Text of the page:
Ultimately, there are two priorities set before the pastor as his holy charge. They are eternal and must be at the forefront of what he does: the Word of God and people. Everything else will pass away, but the Word of God will remain. And an emphasis on people and their everlasting souls will help keep the pastor focused, and limit distractions such as buildings and programs, which--albeit important--must not become the main focus in ministry.

If the pastor, or a rancher, if you will, has these priorities in mind and heart, it will be easier for him to reach the community with new methods, but with the same message of the love of God.

Numerous studies have shown that one of the primary barriers to churches reaching unchurched people in their communities is that many people feel churches are not relevant to their lives.

I have always felt that the church should be on the cutting

edge in the ways that it reaches out to people. Fifty years ago, using props and dramatic presentations while presenting illustrated sermons was considered practically heretical. Realizing that our society is becoming more and more visually oriented and less literary, we have to bring the message of Christ to people in a manner that makes sense to them.

Similarily, when we removed the hymnals from the pews at Phoenix First and replaced them with two large projection screens, many thought that a sacred element of worship had been replaced by some sterile technology. Instead, the worship experience has been enhanced with the use of technology that makes the message relevant to people.

A pastor must examine the church and its ministries, its facilities and, ultimately, himself to see that the love of God is being effectively communicated to people in a way that makes sense in the postmodern context.

A pastor should be willing to risk utilizing cultural innovations in order to spread the gospel. For example, we often capitalize on the marketing efforts that are capturing the attention of millions of people in order for those same people to hear our message.

We recently advertised an illustrated sermon titled "American Idols," complete with a vocal contest, and unchurched people from all over the community came. When the message was presented that idolatry and the pursuit of fame leaves people with a hollow emptiness that only Jesus Christ can fill, more than 1,000 people came to the altars to give their hearts to the Lord.

We've built new high-tech buildings for youth and children, a "Youth Walk" hangout for teens and a cafe in order to create an environment where we can reach the next generation. Young people who might not otherwise come to church are affected by the message to such an extent that many of them don't want services to end as they continue to seek the Lord.

If the pastor is a CEO as some church leadership experts claim, then perhaps some reinventing--as the corporate world would call it--is in order. When companies reinvent, they strengthen their identities and visions while increasing the scope of their outreach.

Without compromising the enduring values of salvation, healing, the Holy Spirit and the second coming, we must create innovative means of communicating these truths to a generation that is biblically illiterate.

One of the ways that we as pastors can examine our churches' relevance in our communities is to see if our churches represent the people that we are trying to reach in our weekly attendance. If not, we must be willing to take the risk of reinventing ourselves in order to reach a lost and dying world for Christ. *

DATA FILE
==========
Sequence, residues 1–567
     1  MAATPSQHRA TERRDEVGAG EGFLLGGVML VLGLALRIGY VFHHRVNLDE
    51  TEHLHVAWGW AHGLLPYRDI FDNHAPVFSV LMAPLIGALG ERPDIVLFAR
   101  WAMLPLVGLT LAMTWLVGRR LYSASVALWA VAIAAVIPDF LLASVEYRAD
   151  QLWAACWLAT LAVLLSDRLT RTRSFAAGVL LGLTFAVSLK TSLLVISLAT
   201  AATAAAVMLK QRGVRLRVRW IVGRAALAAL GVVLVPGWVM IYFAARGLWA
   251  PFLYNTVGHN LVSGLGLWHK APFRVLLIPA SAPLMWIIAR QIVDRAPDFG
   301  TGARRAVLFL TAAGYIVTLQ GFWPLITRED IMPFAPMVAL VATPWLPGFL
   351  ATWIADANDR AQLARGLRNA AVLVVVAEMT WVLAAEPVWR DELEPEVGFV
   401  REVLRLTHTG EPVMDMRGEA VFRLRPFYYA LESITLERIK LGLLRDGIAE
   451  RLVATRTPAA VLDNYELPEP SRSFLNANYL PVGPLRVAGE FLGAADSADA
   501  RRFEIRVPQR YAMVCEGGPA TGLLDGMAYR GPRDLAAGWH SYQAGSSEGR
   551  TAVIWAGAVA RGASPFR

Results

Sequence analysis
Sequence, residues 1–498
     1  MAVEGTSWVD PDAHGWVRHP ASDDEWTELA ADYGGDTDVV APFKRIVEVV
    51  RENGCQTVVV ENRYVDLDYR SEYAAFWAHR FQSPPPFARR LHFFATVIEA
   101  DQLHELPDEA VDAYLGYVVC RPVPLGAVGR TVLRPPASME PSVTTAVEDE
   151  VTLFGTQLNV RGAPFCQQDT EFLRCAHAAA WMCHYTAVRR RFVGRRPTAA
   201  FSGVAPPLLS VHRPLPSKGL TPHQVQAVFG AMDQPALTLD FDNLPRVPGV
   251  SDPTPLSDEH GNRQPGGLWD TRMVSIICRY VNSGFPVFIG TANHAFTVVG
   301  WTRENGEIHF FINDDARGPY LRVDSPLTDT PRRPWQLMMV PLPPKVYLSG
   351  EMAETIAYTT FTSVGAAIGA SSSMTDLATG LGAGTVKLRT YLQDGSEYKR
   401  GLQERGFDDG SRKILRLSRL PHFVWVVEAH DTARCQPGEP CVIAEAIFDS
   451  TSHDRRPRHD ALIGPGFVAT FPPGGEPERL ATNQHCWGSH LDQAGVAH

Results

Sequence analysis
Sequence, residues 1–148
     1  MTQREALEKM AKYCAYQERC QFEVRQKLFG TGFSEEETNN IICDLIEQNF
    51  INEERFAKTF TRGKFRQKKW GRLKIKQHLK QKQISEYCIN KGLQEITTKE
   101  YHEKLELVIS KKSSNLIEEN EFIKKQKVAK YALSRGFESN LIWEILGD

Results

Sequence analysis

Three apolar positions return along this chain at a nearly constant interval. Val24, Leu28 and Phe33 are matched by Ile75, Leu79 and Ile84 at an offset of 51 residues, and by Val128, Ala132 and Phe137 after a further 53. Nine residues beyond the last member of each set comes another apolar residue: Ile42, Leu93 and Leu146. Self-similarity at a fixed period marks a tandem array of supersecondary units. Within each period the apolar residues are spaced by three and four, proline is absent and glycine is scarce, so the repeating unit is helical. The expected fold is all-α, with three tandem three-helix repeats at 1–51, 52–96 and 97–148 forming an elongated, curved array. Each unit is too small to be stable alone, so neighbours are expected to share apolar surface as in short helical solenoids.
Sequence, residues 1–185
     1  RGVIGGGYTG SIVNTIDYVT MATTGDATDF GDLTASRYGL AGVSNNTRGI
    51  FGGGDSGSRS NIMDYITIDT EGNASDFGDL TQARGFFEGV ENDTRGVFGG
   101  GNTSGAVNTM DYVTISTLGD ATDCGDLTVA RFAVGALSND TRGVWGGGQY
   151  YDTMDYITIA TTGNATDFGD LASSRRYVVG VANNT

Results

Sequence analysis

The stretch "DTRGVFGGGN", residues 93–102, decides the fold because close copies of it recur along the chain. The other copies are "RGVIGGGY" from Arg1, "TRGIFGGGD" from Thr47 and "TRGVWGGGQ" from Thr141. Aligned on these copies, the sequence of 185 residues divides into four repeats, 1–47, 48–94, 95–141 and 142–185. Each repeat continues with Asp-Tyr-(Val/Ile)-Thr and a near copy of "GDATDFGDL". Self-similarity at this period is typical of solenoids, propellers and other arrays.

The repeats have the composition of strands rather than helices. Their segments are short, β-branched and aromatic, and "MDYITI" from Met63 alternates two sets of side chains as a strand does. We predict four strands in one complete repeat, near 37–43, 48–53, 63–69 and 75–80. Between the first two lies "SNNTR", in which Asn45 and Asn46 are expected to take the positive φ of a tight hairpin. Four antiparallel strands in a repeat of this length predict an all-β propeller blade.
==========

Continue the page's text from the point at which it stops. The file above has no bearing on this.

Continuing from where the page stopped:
In his 50th year of ministry, Tommy Barnett is the pastor of Phoenix First Assembly, an innovative congregation he has served for 24 years. Barnett is the author of several books, including Hidden Power, Dream Again and Adventure Yourself. For a profile of Tommy Barnett, see page 38 of this issue of Ministries Today.

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Itching Ears?

The church needs more than good experience--it needs good theology.

Is sound teaching primary today, or are teachers merely scratching the itching ears of their hearers? It depends where you look. In some reformed or mainline denominational churches teaching is likely primary. The problem with most of them is that they are overfed. (I speak as a reformed theologian and pastor.)

They remind me of fat sheep that keep eating more and more and need to be poked to let air out before they die of eating too much. To quote my predecessor at Westminster Chapel, D. Martyn Lloyd-Jones, they are "perfectly orthodox and perfectly useless."

But if you look to charismatic and Pentecostal churches--those who fancy themselves "Spirit-filled"--you will find the opposite. Teaching is not primary. Worship, signs and wonders, and an obsession with the benefits of giving and receiving are the cornerstones of what passes for solid teaching.

Instead of an emphasis upon the real reason Jesus died--the cross, the resurrection, knowing Christ--teaching has become largely concerned with answering the question, "What will this do for me?" This is the very reason "revival tarries," to use the late Leonard Ravenhill's phrase.

Is the place of teaching in our churches given the same profile as in the New Testament?

Not in the least. The writings of the apostle Paul comprise two-thirds of the New Testament--almost entirely teaching. Consider the four Gospels, which are composed of the parables and the sermons of Jesus. They are all teaching. Look at the book of Acts: the key issues were the reason Jesus died and rose from the dead, the relationship of circumcision to salvation, the offense of the cross--all interlaced with persecution in the early church over teaching.